As we approach our 60s, it’s with an eye toward retirement and a whole briefcase of questions and looming decisions. The average retirement age for Americans is around 64, according to; however, that average varies from state to state, and men tend to put off retirement a little longer than women.

Some people never technically retire at all, whether it’s because they just love their work or because of the financial uncertainty of retirement. Others start planning their career-exit the minute they get their first adult job.

The notion of how we imagine we will spend our “golden years” is enticing, but the reality of what can happen might put a tarnish on anyone’s outlook—especially if we don’t pay attention to our health.

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Think of what’s sometimes called “the winter of our lives” in two different phases. The first phase encompasses an age-range of 60-75, as we’re just winding down our careers, truly moving into a new phase of life. If you’re fortunate enough to reach the second stage of your golden years, 75 and beyond, you’re looking at a whole different set of issues.

In today’s blog, we’re going to focus on the first stage of getting old. Don’t fret, though, because there are some positive things about aging. First, consider the alternative.

As we age, the plan is often to spend more time with family (for some that means with your children or grandchildren; for others its finally spending quality time with your spouse or significant other, close friends or pets). Many talk of exotic travel—that long planned for safari, a cruise around the world, or a first-time trip to Europe. For others, it’s buying an RV and driving cross country. And for still others, the allure of aging is in staying put and living the deadline-free dream without the shrill awakening from an alarm clock.

Moving into your 60s also may present the opportunity to take up that long thought-about hobby, or volunteer for a cause close to your heart, or write your first novel.

And, for many, in your beginning senior years, you’re still young enough to be active and take advantage of that time of life.

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But there are also cons that come along with this timeframe. Concerns about the decisions you make as you begin your 60s will certainly impact ages 75 and beyond. There is a vulnerability—and insecurities—to the first part of your senior years. For example:

  1. Financial: Will you outlive your money? Will inflation crush your retirement plans?
  2. Health: Will you grow old gracefully, or will you slowly fall apart piece by piece? Will serious illness take hold of you just as you’re starting to feel a newfound freedom? Will you be a burden to your children—or if you don’t have children, will there be someone who you can rely on?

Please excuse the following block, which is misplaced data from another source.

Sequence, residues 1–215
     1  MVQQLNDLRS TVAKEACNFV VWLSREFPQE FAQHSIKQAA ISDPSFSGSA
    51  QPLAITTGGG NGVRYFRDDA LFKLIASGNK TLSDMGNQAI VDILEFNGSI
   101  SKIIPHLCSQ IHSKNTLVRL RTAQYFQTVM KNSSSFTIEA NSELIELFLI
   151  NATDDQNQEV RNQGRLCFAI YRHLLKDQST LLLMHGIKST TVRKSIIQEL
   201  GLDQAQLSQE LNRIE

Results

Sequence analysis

3. Your Day-to-Day Existence: Will you be bored? Will you feel “less than” without a career to validate your worth? Will you be depressed without a set schedule? Will you be invisible, unable to keep up with new technologies and younger generations who never imagine they will someday reach your age?

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Nutrition for Older Adults

In today’s blog, we’ll address your health as you get older, specifically as it relates to nutrition as we age, starting in your 60s and up till your mid-70s.

In an ideal world, we would all eat nutrient-dense, balanced diets, achieving optimal levels of beneficial nutrients, throughout our lives. But for so many of us, the realities of good nutrition are not a life-long journey of good habits. Instead, we wait for our bodies to feel pain—from achy joints to weak bones—or for serious illness to take us by surprise.

As we approach the first stage of the winter of our lives, our dietary needs start to evolve, our metabolism slows down, our ability to access and absorb certain nutrients becomes less efficient, and often an increase in prescription medications impacts our appetite and the way food tastes.

Keeping all that in mind, there are some health issues that are fairly specific in our 60s to mid-70s, and if addressed, may help serve us better before we get to our “platinum jubilee.” First, some good news: Older adults have the highest Healthy Eating Index of all groups of American adults.

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Here are five nutrition concerns to consider and address:

5 Nutrition Concerns For Older Adults

Protein, protein, protein. Once you reach older adulthood, sarcopenia—age-related muscle loss—can progress at a rate of 3 percent a year. This scientific article says sarcopenia may progress at an even higher rate once you reach 60, and also advises that the condition affects 30% of those between 60 and 80 years old. Protein is one nutrient that can help—especially when you engage in regular strength training exercise. In fact, the just-mentioned article concludes that clinicians should stress the importance of ingesting a sufficient amount of protein (e.g., 25-30 grams) with each meal. That’s not as hard as it sounds. One cup of Greek yogurt provides 23 grams of protein and one large egg has 6 grams. A 3-ounce cooked chicken breast has 26 grams of protein and 4 ounces of cooked salmon has 27. Read more here.

Seniors need more vitamin D. Americans of all ages aren’t getting enough vitamin D, resulting in the vitamin being identified as a “nutrient of concern” by the government. When it comes to seniors, government recommendations call for a higher Recommended Dietary Allowance (RDA) than for younger adults—800 IU daily for adults over 70 compared to 600 IU for other adults. And even at those levels, some experts believe you’re not in the sweet spot of vitamin D benefits. The nutrient is needed for bone health, immune support, and to help with calcium and potassium absorption. Some emerging research also shows that vitamin D may help reduce the risk of some cancers and play a role in sleep regulation. The National Council on Aging regards vitamin D of high importance as we age.